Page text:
The study which based on principles of social life and behavior of humans inside their social groups emerged comparatively recently. Before the nineteenth century, such a science as sociology did not exist. Society just did not need to discover people among which they lived better before some crucial economic and political events changed the world in the early nineteenth century.
The first precondition of creating a new science was the Industrial revolution. The agricultural occupations were succeeded with job-places created at newly-built factories. People moved to urban industrial areas to improve their well-being but faced only filth and poverty. Working in terrible conditions, people were forced to make their children do the same to make both ends meet. Trying to combat their misery, society developed ideas concerning democracy and political rights. The necessity to change their life became vital, and activists needed a tool to promote their views among the others.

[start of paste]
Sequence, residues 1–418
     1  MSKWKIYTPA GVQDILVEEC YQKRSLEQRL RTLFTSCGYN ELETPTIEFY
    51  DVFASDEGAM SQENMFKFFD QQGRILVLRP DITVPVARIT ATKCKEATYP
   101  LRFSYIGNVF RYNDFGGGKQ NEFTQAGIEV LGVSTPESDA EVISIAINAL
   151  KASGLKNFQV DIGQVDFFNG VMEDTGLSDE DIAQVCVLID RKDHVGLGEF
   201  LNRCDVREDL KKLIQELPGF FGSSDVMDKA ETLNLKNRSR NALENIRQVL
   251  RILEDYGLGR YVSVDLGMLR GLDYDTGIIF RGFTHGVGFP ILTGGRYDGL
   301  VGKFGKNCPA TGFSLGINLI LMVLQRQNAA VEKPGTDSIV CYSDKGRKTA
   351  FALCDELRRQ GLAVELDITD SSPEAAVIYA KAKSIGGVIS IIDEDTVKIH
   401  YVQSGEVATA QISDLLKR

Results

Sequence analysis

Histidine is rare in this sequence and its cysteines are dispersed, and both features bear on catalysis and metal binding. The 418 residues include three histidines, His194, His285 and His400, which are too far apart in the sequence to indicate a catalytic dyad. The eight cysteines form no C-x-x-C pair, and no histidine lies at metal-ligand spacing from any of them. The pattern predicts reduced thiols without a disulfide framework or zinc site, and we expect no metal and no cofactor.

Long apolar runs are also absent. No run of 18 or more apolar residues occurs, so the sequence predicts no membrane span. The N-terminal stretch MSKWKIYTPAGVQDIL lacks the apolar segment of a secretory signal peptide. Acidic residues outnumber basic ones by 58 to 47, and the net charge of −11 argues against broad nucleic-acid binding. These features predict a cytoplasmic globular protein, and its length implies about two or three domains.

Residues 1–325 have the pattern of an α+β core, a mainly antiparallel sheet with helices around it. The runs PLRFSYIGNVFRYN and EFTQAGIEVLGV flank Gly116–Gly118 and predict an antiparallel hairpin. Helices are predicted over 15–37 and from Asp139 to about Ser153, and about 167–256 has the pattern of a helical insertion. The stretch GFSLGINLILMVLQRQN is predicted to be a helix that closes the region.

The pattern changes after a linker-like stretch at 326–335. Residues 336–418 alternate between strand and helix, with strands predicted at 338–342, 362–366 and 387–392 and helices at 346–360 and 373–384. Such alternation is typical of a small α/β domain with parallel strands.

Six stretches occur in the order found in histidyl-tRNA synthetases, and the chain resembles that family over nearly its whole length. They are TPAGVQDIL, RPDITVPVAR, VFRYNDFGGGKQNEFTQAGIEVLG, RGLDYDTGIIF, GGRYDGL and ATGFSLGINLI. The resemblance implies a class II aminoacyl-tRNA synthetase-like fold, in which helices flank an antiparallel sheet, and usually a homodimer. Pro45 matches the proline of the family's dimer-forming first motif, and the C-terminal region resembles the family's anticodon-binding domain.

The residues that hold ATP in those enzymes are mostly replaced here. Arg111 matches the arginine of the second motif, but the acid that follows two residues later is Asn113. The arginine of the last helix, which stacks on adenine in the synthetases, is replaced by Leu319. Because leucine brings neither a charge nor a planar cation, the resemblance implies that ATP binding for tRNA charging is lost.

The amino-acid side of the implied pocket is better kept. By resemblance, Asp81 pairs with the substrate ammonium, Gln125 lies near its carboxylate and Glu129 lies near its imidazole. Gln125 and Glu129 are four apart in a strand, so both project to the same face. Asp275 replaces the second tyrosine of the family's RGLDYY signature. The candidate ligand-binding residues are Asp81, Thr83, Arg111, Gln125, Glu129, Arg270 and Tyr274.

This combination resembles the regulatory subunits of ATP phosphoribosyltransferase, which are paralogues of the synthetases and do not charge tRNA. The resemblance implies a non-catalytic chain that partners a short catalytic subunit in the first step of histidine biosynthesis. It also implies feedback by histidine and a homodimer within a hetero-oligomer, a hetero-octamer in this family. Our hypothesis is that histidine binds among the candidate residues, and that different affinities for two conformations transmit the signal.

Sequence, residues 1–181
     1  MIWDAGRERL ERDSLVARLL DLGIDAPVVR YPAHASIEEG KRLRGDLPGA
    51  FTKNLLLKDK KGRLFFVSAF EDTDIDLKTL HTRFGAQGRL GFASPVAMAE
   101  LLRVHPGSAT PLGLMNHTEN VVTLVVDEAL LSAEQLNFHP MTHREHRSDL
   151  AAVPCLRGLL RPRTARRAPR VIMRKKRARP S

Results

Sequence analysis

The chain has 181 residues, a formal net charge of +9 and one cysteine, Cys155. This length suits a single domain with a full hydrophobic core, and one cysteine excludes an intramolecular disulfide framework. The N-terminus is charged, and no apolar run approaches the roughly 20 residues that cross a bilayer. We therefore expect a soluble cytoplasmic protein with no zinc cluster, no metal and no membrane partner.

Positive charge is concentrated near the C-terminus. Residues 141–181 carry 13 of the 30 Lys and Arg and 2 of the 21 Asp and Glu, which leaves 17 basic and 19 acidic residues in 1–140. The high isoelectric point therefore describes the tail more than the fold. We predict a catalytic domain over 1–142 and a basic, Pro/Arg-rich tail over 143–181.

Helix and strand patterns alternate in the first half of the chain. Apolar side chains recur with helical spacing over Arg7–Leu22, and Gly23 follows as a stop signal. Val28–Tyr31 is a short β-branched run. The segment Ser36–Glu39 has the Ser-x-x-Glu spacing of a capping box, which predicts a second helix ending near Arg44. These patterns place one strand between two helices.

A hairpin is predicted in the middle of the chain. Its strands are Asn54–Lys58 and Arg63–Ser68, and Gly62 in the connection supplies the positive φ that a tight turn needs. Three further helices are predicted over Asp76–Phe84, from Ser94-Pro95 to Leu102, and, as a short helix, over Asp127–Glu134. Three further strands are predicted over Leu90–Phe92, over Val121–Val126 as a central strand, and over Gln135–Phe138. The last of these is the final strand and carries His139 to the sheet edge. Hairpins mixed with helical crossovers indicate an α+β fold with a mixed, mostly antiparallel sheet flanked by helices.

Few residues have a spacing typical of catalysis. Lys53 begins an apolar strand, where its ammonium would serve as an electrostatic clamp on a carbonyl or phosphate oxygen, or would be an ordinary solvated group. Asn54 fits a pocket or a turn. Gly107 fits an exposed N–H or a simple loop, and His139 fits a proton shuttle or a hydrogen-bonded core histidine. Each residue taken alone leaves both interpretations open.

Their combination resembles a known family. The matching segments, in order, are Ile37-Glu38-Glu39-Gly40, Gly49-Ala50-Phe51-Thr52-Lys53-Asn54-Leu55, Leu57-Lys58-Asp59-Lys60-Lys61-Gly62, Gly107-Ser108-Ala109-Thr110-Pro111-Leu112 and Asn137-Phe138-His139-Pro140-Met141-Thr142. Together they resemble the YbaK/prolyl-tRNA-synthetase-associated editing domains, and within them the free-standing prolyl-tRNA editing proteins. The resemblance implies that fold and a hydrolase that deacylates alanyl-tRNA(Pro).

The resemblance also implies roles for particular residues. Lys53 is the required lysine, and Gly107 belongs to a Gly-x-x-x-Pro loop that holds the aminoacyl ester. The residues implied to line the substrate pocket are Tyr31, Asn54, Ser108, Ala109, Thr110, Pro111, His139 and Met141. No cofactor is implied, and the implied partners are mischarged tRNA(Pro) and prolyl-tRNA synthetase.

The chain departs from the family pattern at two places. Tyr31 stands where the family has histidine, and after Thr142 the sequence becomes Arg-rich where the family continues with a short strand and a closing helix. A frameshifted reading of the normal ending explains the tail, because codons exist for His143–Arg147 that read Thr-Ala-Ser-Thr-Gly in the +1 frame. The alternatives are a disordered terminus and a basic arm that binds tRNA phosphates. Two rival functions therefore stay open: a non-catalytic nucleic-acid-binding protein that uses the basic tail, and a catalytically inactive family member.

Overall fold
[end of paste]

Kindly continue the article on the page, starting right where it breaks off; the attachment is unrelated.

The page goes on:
Alongside with the urbanization, imperialism accelerated the rise of sociology. As European countries conquered more new lands, they faced the entirely different peoples with their genuine cultures, religions, and social norms. When people started to discover social specifics of their own country and foreign lands, they found newly developed methods of observation natural sciences quite useful when applied to people.
Sociology developed quickly due to the contribution of its founder. French Auguste Comte first proposed the method of positivism to study the social world and he named this new science as sociology in 1838. Herbert Spenser and Karl Marx followed Comte in his research and introduced the phenomena they called Social Darwinism and Class Conflict.